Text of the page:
Was it because God didn’t care that those who brought their sacrifices into the temple were murdered by Pilate’s soldiers or that the tower in Siloam fell on those 18 or that the balcony collapsed or the gunman opened fire? “No, but unless you repent, you will all likewise PERISH.” (Luke 13:3,5)

“Do you not care that we are perishing?”

Yes, He cares. And now He gives them a sign of His care. It is not the final sign or the definitive sign. His cross and empty tomb are the sign of signs in which we know that He cares that we are perishing. But here in this boat, He gives them an appetizer before the main course.

“And He awoke (that’s resurrection language! It’s the same word as in “and He arose.”) and rebuked the wind and said to the sea, ‘Peace! Be still!’ And the wind ceased, and there was a great calm.”

From a ‘GREAT STORM’ to a ‘GREAT CALM.’ That’s a pretty good picture of the transition from this life in a fallen and dangerous world to the eternal life that Christ won for us. A GREAT CALM.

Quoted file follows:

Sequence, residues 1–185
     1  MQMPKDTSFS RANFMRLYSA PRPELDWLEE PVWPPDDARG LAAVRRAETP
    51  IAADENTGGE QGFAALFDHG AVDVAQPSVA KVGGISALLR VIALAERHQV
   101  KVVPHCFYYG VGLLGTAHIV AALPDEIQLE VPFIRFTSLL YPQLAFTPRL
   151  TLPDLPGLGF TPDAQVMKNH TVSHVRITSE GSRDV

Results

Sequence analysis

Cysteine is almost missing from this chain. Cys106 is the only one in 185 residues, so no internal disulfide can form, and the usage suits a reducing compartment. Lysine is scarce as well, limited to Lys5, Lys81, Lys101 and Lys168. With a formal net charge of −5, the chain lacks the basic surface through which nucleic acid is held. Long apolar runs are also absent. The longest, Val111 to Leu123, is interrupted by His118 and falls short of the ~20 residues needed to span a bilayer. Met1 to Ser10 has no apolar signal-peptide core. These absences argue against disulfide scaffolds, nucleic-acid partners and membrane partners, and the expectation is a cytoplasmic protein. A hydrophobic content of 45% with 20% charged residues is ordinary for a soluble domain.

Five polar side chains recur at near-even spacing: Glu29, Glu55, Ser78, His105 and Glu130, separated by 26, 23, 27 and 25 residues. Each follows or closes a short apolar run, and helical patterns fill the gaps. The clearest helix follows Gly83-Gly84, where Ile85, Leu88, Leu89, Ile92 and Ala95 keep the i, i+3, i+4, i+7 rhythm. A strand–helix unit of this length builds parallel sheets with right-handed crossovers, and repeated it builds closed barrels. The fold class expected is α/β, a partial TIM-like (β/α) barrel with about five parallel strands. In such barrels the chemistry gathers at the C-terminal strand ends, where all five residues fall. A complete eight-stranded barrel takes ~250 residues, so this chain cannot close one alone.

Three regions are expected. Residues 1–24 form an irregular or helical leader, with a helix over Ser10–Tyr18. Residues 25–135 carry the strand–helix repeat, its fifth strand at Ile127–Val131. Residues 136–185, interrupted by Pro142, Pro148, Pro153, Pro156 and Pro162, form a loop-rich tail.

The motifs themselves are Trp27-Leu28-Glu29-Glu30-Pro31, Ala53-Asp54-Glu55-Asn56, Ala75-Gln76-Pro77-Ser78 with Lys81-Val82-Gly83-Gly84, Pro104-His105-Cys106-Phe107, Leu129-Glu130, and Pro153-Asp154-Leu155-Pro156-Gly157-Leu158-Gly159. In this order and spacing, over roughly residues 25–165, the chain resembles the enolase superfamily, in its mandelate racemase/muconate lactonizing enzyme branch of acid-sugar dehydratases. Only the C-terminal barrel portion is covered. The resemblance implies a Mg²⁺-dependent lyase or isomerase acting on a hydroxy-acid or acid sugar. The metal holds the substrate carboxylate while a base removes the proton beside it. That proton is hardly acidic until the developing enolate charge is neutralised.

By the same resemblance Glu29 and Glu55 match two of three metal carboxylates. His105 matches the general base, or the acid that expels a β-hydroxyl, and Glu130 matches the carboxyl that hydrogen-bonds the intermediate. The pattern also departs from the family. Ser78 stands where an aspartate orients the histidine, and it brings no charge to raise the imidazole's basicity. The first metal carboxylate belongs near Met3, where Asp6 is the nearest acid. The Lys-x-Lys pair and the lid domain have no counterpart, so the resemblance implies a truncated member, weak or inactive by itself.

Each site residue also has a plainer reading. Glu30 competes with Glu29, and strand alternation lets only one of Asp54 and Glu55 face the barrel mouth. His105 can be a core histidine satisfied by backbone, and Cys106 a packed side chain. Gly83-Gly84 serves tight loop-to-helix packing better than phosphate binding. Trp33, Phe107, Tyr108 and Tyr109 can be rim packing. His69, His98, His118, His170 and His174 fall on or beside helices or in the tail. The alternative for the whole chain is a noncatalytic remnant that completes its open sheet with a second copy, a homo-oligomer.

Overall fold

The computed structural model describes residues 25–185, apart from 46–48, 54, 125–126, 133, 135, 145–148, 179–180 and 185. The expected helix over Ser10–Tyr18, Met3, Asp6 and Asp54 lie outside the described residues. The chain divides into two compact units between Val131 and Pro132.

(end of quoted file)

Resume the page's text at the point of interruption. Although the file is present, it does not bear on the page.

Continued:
And by the power of His Word. “And God said… and it was so.” It was as though the wind and the sea recognized the voice of its Creator and repented of the evil it was doing.

“Unless you repent, you will all likewise PERISH.”

“He said to them, ‘Why are you so afraid? Have you still no faith?” “Did you think that I do not care?” “Did you think I would let you perish?” And with those words Jesus goes from being the EXAMPLE of faith to the OBJECT of faith. In Him we see what genuine faith looks like. And in Him we receive the goal of faith.

What follows is even stranger than what has preceded. Now the sea is calm. But now an even more violent storm erupts within them. “And they were filled with GREAT FEAR… That’s strange. We would have expected to hear, “and they were filled with great peace and the broke out the champagne and toasted Jesus.”


And now they have a second question. The first was, “do you not care if we perish?” The second question is, ‘Who then is this?’

When you know the answer to this question, you won’t have to ask any more.